• False Ally: Their written and verbal communication is evasive, stilted, legalistic, guarded, incomplete, needs repeated clarification, and communication with them seems inordinately hard even after repeated attempts. They don’t remember important facts, and seem uninterested or irritated by your requests/questions, and/or body language seems inconsistent with what they say verbally; i.e. they like you and want to help yet roll their eyes, cut you off when you talk, or under-react to, gloss over, or minimize the importance of your pain (physical or emotional).

  • True Ally: Willing to go to bat for you, recommend you, stick their neck out, defends you against attacks, takes steps to keep you safe, unequivocally “on your side”.

  • False Ally: Seems luke-warm or lack-luster in their endorsements of you to others, unwilling to stand up for you, conveys they believe others over you when you’ve been wronged or says directly they don’t believe you, questions your credibility directly or indirectly.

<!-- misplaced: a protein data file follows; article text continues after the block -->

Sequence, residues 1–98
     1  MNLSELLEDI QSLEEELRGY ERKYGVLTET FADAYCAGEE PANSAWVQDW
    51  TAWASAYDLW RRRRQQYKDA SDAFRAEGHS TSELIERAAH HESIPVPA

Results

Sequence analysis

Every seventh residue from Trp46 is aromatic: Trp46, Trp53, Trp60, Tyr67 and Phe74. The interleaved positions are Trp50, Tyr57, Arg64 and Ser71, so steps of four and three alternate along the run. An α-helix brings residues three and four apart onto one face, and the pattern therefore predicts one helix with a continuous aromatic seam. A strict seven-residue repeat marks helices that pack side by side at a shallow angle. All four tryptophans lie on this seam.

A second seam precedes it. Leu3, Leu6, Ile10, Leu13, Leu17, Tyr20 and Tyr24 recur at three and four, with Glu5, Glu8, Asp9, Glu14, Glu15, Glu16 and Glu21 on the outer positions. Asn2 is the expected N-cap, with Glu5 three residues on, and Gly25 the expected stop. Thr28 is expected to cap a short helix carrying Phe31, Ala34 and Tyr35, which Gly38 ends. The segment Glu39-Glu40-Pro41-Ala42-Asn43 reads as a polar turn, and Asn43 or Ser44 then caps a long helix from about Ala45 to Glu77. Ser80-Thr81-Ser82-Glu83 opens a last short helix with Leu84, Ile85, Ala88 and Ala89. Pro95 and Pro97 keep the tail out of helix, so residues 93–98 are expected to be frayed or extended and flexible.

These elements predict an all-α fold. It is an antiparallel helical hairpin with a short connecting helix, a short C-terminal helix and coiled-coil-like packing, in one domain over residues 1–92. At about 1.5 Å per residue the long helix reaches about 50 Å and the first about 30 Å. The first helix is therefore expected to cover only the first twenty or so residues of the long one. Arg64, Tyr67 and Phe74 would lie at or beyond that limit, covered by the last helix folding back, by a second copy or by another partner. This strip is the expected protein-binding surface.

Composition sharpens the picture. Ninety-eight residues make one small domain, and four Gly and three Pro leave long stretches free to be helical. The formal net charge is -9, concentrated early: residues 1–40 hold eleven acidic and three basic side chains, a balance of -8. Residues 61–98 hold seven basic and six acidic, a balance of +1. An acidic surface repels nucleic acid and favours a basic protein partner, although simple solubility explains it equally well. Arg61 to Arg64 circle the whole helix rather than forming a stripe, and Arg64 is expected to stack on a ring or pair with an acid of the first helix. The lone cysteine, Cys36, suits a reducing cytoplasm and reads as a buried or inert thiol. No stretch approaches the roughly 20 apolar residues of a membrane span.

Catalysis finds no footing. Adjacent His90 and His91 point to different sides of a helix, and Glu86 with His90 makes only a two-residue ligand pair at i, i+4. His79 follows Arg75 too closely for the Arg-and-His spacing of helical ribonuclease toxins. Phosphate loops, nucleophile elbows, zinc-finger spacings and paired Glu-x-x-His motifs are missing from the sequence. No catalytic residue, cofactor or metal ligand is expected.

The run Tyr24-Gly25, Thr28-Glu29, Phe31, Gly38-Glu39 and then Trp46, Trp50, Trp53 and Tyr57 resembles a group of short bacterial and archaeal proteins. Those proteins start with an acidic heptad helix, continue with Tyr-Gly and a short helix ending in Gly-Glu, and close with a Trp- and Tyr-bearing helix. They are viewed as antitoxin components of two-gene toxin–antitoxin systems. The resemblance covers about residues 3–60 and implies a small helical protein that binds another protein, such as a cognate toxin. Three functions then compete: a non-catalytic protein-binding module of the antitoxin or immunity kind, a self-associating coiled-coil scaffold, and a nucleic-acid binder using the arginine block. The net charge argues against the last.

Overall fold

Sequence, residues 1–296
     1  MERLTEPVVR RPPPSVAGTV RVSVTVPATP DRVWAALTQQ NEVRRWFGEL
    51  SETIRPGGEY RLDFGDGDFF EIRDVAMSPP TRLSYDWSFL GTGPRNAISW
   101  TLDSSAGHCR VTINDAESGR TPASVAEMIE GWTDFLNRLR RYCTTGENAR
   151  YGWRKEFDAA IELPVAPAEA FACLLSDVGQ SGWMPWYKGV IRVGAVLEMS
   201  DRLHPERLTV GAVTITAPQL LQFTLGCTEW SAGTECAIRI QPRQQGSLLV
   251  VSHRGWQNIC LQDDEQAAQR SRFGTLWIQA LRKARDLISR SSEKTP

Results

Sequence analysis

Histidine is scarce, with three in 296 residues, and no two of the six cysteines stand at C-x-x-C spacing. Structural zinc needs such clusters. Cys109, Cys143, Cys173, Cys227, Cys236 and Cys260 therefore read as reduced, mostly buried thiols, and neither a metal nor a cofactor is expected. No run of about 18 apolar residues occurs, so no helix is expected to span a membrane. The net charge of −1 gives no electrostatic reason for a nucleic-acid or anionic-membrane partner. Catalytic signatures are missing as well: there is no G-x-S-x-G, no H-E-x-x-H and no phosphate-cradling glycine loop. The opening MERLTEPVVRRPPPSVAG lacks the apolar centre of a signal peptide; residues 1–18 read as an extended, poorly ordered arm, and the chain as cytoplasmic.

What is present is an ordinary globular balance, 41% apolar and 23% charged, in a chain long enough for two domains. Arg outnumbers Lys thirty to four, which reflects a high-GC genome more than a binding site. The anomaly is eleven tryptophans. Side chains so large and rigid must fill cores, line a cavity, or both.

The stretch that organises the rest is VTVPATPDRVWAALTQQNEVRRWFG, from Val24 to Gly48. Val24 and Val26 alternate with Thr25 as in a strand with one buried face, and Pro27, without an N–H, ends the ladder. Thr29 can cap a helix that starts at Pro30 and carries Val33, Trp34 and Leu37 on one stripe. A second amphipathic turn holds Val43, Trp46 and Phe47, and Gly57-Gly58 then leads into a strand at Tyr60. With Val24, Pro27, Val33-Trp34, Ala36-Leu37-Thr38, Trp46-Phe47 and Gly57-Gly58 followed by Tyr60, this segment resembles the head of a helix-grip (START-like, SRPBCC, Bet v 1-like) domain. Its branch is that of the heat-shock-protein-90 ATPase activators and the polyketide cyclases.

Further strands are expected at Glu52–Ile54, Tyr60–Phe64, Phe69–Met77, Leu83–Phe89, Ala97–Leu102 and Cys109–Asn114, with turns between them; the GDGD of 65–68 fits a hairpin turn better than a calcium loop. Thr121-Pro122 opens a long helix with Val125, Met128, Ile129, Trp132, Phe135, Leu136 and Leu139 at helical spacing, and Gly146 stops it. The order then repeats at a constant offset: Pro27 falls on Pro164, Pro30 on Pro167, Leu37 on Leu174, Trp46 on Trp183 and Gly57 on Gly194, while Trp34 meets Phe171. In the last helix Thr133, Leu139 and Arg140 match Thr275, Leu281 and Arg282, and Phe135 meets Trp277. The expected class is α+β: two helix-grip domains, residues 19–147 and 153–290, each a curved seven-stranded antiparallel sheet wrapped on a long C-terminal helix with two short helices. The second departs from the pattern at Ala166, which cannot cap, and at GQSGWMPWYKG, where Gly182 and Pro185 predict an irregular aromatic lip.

• True Ally: Understands and appreciates you more over time, positive interactions increase, thoughtful and seeks to make thing easier for you given your individual circumstances, makes statements that convey that they care and feel warmly about you.

  • False Ally: Appears tired of you, less empathetic, seems uninterested and even annoyed about your individual needs, unwilling to put much time in, seems under-concerned about your condition and does nothing to reduce your work-load and stress level, and makes insensitive or sarcastic remarks referencing you in a bad light, takes an outright oppositional stance to helping with things in ways you request, even walks out of a room while you’re still talking.